Twitter Search Queries Up 33%, 24 Billion Searches Per Month (SearchEngineLand) – that’s pretty huge! Just a few months ago they were up to 11 billion. What a leap. Why? Well because Twitter isn’t going away; Google’s bringing it a lot more visibility, and it’s so easy when you give it a chance. It’s a human run search engine. Whether you go to search.twitter.com, or search through any one of Twitter API powered apps or sites, you’re going to quickly find fresh results.
Last week at a friend’s party, a drunkard mumbled, “Twitter is for idiots. Nobody cares what you’re doing!” Well, I don’t get offended that easily. But I wasn’t about to bother explaining – he clearly enjoyed his obstinance. But what I could have told him is Twitter is only what you make of it. It’s a connecting tool between friends (like a status update on Facebook), or a news aggregator (follow those who post nothing but up to the minute news). Maybe it’s an entertainment tool? I know I like to follow people that make me laugh every day. Maybe it’s a customer service tool (@ComcastCares). I practically IM my coworkers with DMs using ChromeBird.
Granted, the 24 billion searches are probably from Twitter power users, of which I am one. I routinely search for content and links via Twitter. I think Twitter is one of the most useful social properties on the web, hands down. You get used to the
120 (oops – 140… thanks Jack… I was asleep at the wheel there) characters, I promise. Besides, we all have short attention spans anyway.
Are you a power user too? Follow me @bill_sebald
So the word now is that these searches are inflated. Apparently sporadic API calls from all the apps (like my ChromeBird) that ping the search command are included in this announced total. Well, yeah… technically that’s a search, but really Twitter? A little deceptive to put the number out there without that caveat. You still have an incredible achievement to be proud of.
Related: Small Business SEO Services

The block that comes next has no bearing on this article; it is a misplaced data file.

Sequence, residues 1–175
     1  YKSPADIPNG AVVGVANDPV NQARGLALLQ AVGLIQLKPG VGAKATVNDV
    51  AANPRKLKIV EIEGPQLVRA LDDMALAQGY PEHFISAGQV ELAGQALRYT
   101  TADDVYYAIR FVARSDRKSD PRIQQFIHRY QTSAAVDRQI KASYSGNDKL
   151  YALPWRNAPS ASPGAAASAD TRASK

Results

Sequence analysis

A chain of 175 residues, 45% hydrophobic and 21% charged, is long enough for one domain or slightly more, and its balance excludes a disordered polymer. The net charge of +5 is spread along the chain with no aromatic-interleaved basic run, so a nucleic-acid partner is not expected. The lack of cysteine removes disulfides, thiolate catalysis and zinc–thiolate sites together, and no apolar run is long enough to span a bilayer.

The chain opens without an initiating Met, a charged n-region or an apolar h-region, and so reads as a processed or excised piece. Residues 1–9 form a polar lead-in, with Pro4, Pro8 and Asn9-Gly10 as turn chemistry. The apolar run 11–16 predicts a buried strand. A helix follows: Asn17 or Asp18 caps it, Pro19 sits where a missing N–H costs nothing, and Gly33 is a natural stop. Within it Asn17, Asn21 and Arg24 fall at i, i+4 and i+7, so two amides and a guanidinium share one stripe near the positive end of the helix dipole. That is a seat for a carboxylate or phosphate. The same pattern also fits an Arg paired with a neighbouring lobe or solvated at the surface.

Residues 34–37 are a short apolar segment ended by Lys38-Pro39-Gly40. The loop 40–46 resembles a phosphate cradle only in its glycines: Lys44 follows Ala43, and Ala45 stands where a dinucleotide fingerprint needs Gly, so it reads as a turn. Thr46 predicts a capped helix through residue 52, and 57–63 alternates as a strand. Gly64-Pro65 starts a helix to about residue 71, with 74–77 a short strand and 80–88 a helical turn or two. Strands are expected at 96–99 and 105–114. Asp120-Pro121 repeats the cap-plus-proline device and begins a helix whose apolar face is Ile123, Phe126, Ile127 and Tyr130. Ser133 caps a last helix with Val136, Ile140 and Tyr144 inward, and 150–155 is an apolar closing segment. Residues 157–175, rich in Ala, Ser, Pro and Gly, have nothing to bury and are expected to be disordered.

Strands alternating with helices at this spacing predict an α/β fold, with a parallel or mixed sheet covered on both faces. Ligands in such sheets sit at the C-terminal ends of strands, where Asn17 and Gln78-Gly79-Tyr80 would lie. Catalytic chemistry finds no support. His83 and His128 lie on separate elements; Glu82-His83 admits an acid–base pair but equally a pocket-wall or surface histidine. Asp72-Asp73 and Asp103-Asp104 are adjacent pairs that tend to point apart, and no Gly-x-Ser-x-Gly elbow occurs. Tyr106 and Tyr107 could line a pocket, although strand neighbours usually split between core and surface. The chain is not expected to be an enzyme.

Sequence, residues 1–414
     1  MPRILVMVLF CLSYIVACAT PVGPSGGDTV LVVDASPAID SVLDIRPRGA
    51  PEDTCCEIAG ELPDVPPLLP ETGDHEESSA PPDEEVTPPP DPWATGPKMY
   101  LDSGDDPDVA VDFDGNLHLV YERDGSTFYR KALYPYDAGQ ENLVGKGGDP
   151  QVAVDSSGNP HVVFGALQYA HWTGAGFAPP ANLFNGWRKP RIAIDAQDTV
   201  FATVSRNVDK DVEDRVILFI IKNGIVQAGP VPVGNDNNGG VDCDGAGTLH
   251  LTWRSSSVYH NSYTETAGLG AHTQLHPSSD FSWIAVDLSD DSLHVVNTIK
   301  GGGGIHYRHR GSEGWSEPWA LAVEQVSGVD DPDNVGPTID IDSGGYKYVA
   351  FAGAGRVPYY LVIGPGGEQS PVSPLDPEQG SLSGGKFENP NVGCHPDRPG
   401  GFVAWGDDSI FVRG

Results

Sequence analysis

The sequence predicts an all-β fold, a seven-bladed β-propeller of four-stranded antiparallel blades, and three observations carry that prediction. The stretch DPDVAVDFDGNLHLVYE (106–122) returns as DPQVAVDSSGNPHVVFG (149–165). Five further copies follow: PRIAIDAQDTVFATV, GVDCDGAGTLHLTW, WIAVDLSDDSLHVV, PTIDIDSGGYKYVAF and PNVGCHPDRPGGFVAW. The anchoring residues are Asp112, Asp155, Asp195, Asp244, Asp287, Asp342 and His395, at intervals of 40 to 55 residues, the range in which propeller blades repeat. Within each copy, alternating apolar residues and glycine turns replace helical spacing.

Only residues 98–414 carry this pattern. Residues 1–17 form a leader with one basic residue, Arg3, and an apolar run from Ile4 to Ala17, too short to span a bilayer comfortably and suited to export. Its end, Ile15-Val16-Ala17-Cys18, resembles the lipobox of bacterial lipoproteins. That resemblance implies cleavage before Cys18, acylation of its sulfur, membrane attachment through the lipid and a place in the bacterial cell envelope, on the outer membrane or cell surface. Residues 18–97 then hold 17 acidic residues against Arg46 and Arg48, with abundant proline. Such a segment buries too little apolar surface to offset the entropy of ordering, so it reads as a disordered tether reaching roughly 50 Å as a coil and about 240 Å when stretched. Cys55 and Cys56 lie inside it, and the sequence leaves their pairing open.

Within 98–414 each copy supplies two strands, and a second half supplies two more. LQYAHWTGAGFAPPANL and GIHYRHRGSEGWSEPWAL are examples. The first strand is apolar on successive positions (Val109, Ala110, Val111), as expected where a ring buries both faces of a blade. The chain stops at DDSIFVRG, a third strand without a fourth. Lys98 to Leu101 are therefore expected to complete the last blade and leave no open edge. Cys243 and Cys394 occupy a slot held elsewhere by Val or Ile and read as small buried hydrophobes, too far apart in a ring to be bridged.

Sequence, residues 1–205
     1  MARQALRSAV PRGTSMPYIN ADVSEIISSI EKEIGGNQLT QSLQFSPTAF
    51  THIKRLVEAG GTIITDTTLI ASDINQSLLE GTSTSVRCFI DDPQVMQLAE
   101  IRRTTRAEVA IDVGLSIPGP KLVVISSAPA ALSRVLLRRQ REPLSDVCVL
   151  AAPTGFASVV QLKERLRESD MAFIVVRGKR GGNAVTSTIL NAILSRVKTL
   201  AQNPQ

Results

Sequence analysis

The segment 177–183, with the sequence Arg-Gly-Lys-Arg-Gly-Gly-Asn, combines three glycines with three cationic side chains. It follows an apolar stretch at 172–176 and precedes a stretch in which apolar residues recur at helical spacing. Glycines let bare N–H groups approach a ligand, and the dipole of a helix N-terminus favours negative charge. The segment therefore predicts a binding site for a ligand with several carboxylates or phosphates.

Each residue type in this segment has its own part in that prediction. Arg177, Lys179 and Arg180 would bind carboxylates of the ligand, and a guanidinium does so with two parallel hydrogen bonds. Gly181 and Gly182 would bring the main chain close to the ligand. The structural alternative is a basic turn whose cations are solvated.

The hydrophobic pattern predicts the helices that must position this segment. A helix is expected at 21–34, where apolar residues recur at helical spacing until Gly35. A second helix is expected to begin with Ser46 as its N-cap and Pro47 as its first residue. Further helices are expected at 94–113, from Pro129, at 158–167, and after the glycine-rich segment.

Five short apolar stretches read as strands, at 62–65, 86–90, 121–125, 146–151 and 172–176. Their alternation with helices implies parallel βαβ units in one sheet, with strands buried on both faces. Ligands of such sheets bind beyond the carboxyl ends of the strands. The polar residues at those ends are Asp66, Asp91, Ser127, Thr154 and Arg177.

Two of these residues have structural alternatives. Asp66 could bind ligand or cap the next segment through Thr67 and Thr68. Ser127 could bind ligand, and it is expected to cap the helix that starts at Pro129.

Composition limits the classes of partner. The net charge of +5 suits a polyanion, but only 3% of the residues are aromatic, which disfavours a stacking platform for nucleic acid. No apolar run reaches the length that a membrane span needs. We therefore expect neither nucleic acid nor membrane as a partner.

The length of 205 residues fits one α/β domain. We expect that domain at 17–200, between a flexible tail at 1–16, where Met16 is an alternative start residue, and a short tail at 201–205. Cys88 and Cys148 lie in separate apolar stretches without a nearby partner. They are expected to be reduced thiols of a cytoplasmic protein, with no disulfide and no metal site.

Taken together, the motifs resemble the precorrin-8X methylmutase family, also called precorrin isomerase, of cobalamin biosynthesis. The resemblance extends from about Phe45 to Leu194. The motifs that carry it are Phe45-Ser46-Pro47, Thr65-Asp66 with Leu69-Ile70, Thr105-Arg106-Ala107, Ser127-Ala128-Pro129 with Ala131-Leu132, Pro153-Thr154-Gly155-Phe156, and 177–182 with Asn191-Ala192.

After my divorce, I got lots of advice from single friends on dating. I was pretty clueless. I learned that waitresses weren’t really that into me (they were just being nice), and not all women are into video games. They also didn’t seem to care about SEO. Hmm…
But one friendly lesson stuck with me. “When in a club, don’t look too eager. Women notice that!” This hit me – not because I was necessarily being one of those Night At The Roxbury guys, but I realized I did notice it when I was out; single guys craning their necks to target every woman. Like throwing a flurry of darts with reckless abandon.
Many businesses who get into social media remind me of this. It’s a sea of people, and instead of learning to speak the language, make friends, and nurture relationships, they start aggressively firing shots at potential closers. When they don’t convert, they blame the night club (platform), or the girls (customers). It’s too frantic. In online social marketing, your customers expect you to engage with them. They know when you’re desperate. They see businesses do it all the time – the only rookies in the social media space are the businesses still going for instant gratification.
Unfortunately, bad pick up lines with your customers are just as bad, if not worse. They destroy your chances and put you in a much worse light. Cheap engagement tactics and sloppy execution without sizzle and value make businesses look even more desperate, and turn a flat “no” on the dance floor to blatant giggling and pointing. Put some thought into what you should really do when taking your chances.
I had to learn to shape my conversations to my new audience (and not talk about video games). Businesses need to do the same. Forget a conversion rate if you can’t do this.
In today’s online climate, you constantly hear about how brands should be monitoring social media for conversations. Most brands don’t do this now though many agencies and vendors are offering services to do the monitoring, and providing recommendations to effectively act on these conversations (whether it’s damage control or customer acquisition). I have seen brands like Zappos pay attention to my social media posts on Twitter, and reach out to me personally – well, maybe it was an agency. Still I couldn’t help feel a unique connection with this otherwise faceless brand. From that reach-out, I now have a one on one connection to Zappos through Twitter. I’m a perfect target for their marketing.